Image of Hammer and Sickle

New Communist Party of Britain


One of the first acts of the Conservative, Liberal-Democratic coalition (Coalition) government was to attack welfare benefits through the Welfare Reform Act 2012. This act is nothing other than an attack on the working class and to put into law £18 billion of cuts to the social wage.

The Coalition government claims that the purpose of the act is “to simplify the benefits system in order to improve incentives to work” and advanced the proposition that the benefits system is too complex and has perverse incentives that make people decide not to work. It will introduce a Universal Credit which will replace housing benefits, tax credits, and income-related Jobseekers Allowance.

The system of allocating the social wage is in need of simplification so as to make it easier for people to claim the £16 billion of benefits that goes unclaimed every year. But the Coalition government’s idea of simplification is to make it more difficult for people to claim for less.

The act introduces tougher penalties to reduce fraud and error, which seemingly costs the country £1.5 billion annually. The supposed savings of £18 billion is dwarfed by the £25 billion tax breaks given to business or the accounting methods used by the ruling class to avoid paying £120 billion of tax each year.

The act will replace the Disability Living Allowance with the Personal Independence Payment, which is paid by the Department of Work and Pensions to disabled people - both in work and out of work - in recognition of the higher costs of living that disability causes. Almost certainly the payments will be cut in the process; much will be lost in the extra costs of administration and determining criteria of eligibility. Claiming will become more bureaucratic and difficult than it already is. It will also limit the payment of the Employment and Support Allowance (ESA) to a 12-month period.

For many the act will reduce housing benefits, by up to 25 per cent. It has been estimated that 32 per cent of existing Housing Benefit claimants will be affected. Already, eviction orders have risen significantly against tenants who are no longer able to afford their rents. Newham Council in east London has even approached a housing association in Stoke-on-Trent asking them to take 500 families who have been “priced out of London” by the Coalition government’s new cap.

Crisis loans and Community Care Grants will be replaced by council run schemes in April 2013

The risk of the Council Tax Benefit scheme will be passed to local councils along with a cut of 10 per cent in the Government grant. It will be up to local councils to decide how to administer the scheme and whether the 10 per cent cut will be absorbed by the council or whether recipients will be asked to make up the difference.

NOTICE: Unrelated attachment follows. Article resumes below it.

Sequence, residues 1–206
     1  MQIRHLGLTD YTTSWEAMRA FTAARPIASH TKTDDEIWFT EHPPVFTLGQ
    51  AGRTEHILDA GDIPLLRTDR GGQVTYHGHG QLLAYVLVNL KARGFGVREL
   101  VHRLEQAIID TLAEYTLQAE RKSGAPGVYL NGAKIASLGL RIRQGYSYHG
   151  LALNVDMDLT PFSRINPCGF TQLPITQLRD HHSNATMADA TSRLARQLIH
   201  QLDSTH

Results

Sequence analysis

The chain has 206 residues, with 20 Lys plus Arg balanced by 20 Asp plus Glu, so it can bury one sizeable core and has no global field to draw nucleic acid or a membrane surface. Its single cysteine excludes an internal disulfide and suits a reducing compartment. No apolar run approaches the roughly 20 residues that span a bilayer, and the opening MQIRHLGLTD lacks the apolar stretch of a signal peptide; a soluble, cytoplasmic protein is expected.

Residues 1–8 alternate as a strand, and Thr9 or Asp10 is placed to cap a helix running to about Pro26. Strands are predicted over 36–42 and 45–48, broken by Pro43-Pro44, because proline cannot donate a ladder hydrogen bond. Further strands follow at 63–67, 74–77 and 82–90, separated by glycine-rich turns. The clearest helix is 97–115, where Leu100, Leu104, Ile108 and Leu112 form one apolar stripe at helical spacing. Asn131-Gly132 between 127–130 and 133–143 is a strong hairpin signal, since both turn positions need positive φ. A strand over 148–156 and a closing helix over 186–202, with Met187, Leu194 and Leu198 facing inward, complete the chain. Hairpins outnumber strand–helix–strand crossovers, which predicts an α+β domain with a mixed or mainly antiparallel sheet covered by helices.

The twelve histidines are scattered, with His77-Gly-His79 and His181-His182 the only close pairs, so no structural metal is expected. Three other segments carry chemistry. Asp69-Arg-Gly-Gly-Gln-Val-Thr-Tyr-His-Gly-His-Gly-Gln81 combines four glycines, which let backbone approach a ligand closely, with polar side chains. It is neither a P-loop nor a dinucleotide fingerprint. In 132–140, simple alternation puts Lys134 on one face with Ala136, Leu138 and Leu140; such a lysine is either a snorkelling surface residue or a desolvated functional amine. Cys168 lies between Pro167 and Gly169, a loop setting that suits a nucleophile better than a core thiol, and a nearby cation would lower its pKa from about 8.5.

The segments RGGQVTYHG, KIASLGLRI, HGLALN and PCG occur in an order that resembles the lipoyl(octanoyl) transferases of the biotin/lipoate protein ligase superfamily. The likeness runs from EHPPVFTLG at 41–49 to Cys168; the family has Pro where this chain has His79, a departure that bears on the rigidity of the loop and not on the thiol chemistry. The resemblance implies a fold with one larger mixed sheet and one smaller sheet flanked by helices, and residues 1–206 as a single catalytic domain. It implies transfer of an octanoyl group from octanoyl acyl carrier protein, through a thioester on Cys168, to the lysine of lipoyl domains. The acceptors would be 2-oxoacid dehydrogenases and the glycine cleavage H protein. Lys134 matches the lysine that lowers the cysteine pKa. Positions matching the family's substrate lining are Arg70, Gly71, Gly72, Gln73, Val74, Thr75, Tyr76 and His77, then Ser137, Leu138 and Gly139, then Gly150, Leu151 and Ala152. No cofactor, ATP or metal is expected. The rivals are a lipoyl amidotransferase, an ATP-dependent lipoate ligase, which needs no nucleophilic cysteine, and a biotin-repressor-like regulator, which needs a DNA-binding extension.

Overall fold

These changes are clearly part of the ruling class agenda to dismantle state welfare and return us to the Victorian days where paupers - the unemployed, elderly, sick, long-term disabled and unsupported single parents - were forced to claim benefit from their local parish or borough. The criteria for eligibility varied from one locality to another but boroughs were anxious not to be seen as generous because this would attract paupers from outside the area and create an extra burden on the rates. Claimants were often refused benefits if they tried to claim outside the parish or borough where they were born as local authorities tried to shift responsibilities from one to another.

Just three months after the Welfare Reform Act 2012 became law the Coalition government indicated that they will remove all housing benefits from those under the age of 25, put further limits on child benefit and introduce new curbs on what remains.

This will drive young people back into their parents’ homes, possibly leading to overcrowding, especially if the young people themselves are parents. Those who do not have parents or friends to go to are likely to end up on the streets, jeopardising their existing employment and any future job or education prospects.

Strictly speaking housing benefit and tax credits paid to people in work but on low incomes are not welfare benefits. Housing Benefit is paid, via the hapless tenants, to landlords and enables rents to be sustained way above the level a truly free market would create. The Housing Benefit bill to the taxpayer is truly enormous and should be reduced by capping rents, not benefits.

Tax credits paid to those in work allow employers to pay wages well below what a truly free market would permit. They should be abolished by raising wages to enable workers to live a tolerable life without recourse to taxpayer-funded top-ups. These credits subsidise the profits of employers at taxpayers’ expense.

Furthermore housing benefit and tax credits undermine working class unity by creating a situation where low-paid workers actually suffer a cut in total income when they win a pay rise through normal wage bargaining because these “benefits” are then withdrawn.

What the Coalition government never highlights is that Britain has one of the lowest levels of benefits in western Europe, with unemployment benefit of just £67.50 per week for those over 25 and £53.45 for those under 25. If, since 1979, unemployment benefit had increased in line with earnings it would be over £110 per week.

The New Communist Party must confront the ruling class face-on and help strengthen the labour movement so that the cuts to the social wage are reversed. This can be done by the Communists, socialists, trade unions, disability and pensioner organisations working together. Though the immediate demand must be to reverse the cuts and to extend the social wage there must be a political campaign led by the Party that demonstrates that the social wage can only become a permanent feature by workers taking state power.